When an incident occurs, we are determined to learn from it and reduce the chance of recurrence. We investigate incidents to gain a clear understanding of what happened and identify the root cause. When the root cause is identified, a corrective action plan (CAP) is compiled. The CAP sets out any additional checks or controls needed.


As shown on the chart below, we had no Class 1 incidents during 2020, 2019 or 2018. We have also significantly reduced the number of Class 2 (Medium Significance) environmental incidents from 30 across the two legacy companies before the merger with Randgold, to eight in 2020.

Mercury management

Naturally occurring mercury is found in some of the ore at some of our sites in Nevada and Latin America. This mercury can be mobilized during processing.

We follow a rigorous risk-based approach to the management of hazardous chemicals and reagents, which is aligned with the ICMM position statement on Mercury Risk Management. Mercury condensation and safe storage form part of onsite safe practices.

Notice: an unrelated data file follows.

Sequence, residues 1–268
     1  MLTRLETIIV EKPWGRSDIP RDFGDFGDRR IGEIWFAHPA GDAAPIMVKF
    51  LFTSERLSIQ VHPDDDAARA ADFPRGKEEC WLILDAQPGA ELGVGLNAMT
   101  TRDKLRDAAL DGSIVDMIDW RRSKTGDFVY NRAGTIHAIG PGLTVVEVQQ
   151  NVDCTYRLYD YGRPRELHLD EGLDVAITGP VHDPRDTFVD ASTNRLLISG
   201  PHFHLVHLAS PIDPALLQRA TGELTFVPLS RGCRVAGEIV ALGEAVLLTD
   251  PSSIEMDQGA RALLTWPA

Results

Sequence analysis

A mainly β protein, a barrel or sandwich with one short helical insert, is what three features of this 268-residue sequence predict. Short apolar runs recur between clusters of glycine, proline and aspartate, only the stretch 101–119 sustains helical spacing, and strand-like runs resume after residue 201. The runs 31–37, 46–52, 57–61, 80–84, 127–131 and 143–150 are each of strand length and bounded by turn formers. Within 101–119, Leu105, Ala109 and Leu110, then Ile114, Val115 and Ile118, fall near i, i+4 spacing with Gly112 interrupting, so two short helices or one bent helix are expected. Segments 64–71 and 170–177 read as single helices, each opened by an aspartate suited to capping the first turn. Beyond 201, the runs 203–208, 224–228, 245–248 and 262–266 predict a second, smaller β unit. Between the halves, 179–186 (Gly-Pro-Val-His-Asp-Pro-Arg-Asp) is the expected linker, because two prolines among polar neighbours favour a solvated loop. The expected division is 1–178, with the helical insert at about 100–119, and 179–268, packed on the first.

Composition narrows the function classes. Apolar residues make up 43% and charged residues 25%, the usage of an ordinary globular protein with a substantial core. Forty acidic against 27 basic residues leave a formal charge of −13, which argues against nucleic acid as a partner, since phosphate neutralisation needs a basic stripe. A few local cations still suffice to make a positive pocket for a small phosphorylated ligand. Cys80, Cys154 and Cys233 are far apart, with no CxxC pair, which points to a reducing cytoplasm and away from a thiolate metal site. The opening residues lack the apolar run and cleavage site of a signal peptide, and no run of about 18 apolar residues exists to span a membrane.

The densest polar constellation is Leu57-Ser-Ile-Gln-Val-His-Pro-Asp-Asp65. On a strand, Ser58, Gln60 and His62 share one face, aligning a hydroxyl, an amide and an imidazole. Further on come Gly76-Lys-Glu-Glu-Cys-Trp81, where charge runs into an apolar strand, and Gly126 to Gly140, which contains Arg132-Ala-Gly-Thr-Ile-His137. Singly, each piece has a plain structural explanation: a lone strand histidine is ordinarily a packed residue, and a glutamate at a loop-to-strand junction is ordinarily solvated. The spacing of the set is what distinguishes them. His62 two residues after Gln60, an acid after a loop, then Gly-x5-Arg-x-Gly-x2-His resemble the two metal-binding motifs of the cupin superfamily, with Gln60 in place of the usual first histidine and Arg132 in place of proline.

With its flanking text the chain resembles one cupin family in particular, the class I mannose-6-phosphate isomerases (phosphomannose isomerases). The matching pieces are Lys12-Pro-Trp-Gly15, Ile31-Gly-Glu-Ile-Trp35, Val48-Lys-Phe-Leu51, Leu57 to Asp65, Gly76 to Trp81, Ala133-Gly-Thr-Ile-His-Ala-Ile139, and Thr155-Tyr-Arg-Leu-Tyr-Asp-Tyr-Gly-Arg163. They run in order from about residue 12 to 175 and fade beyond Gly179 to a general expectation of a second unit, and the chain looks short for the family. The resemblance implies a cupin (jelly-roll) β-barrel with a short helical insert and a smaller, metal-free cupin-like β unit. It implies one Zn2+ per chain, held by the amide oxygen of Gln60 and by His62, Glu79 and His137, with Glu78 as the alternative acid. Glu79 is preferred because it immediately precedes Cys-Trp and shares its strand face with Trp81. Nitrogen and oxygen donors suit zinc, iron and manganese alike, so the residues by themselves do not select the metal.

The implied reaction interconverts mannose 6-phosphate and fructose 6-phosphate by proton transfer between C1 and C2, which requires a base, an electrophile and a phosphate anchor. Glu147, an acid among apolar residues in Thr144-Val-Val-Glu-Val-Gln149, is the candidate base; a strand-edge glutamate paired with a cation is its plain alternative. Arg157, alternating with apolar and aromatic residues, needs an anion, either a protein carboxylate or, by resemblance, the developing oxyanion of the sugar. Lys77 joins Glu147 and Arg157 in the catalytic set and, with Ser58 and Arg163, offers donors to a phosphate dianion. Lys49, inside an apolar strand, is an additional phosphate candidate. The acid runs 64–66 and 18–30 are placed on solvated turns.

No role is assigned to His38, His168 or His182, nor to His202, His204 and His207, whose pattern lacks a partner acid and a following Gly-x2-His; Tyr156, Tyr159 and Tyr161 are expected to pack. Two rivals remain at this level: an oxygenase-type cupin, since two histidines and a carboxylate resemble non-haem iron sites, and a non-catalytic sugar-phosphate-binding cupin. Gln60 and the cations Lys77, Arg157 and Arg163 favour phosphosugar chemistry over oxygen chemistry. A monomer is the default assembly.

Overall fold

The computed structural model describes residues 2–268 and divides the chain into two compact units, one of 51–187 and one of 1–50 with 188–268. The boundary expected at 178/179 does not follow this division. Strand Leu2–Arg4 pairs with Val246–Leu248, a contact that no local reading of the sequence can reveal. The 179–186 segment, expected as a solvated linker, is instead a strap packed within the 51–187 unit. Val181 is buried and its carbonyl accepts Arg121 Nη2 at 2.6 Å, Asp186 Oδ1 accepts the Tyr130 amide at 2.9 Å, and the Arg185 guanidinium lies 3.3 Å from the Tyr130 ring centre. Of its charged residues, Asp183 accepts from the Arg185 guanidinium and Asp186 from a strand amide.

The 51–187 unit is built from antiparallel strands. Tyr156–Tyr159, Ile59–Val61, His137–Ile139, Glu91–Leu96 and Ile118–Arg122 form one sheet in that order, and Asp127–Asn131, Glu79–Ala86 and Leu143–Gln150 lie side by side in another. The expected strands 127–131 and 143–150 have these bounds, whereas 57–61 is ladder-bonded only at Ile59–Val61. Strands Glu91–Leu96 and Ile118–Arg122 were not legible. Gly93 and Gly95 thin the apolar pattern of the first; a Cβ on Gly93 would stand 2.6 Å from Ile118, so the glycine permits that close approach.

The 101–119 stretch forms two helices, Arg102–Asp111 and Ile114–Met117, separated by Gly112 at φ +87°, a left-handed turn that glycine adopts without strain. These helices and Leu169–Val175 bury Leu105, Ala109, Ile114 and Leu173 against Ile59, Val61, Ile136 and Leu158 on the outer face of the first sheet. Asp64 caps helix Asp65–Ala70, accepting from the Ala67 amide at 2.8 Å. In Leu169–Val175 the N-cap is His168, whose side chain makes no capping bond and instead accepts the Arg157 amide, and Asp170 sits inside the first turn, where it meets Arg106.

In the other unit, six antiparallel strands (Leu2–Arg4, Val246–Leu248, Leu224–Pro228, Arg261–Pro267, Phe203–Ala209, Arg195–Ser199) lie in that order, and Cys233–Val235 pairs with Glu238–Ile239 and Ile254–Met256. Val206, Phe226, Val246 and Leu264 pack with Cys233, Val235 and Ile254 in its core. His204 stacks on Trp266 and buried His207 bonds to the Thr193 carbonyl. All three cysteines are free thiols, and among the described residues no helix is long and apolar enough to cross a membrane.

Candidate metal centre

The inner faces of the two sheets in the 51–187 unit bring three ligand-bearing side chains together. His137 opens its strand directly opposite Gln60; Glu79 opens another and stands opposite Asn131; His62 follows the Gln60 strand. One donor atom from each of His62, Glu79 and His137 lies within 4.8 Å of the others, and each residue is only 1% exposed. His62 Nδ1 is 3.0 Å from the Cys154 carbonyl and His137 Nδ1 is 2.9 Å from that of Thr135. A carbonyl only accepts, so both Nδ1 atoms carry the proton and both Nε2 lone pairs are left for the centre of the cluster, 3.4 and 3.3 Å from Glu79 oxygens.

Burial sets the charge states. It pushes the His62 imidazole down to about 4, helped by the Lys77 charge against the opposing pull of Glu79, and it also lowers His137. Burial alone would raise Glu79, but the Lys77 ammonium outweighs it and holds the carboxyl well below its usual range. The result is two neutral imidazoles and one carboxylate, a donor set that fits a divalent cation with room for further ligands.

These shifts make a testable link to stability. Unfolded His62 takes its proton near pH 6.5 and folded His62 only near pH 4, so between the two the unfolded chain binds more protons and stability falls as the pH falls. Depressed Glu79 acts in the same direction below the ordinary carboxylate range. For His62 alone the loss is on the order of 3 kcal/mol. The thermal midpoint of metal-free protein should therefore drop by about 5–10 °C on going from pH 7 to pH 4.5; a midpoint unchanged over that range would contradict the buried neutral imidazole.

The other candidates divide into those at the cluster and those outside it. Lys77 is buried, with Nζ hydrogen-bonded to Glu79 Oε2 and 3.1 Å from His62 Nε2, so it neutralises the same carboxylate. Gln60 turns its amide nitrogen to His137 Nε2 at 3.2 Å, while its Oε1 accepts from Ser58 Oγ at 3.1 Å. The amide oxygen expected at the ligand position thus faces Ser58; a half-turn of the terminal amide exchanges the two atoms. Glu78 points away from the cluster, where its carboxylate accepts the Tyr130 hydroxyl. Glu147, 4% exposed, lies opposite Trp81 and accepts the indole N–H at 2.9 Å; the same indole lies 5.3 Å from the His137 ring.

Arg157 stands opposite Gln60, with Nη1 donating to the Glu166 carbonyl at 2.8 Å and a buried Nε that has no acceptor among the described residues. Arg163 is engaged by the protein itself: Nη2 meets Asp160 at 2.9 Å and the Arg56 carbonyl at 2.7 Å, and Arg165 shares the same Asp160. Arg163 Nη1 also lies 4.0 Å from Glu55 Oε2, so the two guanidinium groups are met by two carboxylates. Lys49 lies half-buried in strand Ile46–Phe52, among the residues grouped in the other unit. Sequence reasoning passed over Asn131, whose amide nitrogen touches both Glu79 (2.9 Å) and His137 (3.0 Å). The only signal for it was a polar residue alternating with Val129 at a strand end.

For effective risk management, we use a range of controls during processing and disposal, including retorts, scrubbers, condensation towers and activated carbon filters which trap mercury vapor before it can be discharged to the atmosphere.

We dispose of captured mercury compounds at licenced hazardous waste facilities as required by law. We also have strict handling, packaging, and procedures in place during transportation to protect people and the environment.

Covid-19 related restrictions meant that no shipments of mercury took place from Veladero in 2020. Approximately 400 tonnes are planned for shipment and permanent safe storage in the decommissioned area of a former salt mine in Germany. In Nevada, regulations prohibit the export of elemental mercury and therefore, it is either stored on site or at an approved offsite storage facility.

Cyanide controls

As a signatory to the International Cyanide Management Code (ICMC) and member of the International Cyanide Management Institute (ICMI), we adhere to best practices for the safe transportation, storage, use and disposal of cyanide. We conduct regular internal audits against the ICMC and monitor local waterbodies and discharge for potential traces of cyanide. We formally track all incidents involving cyanide.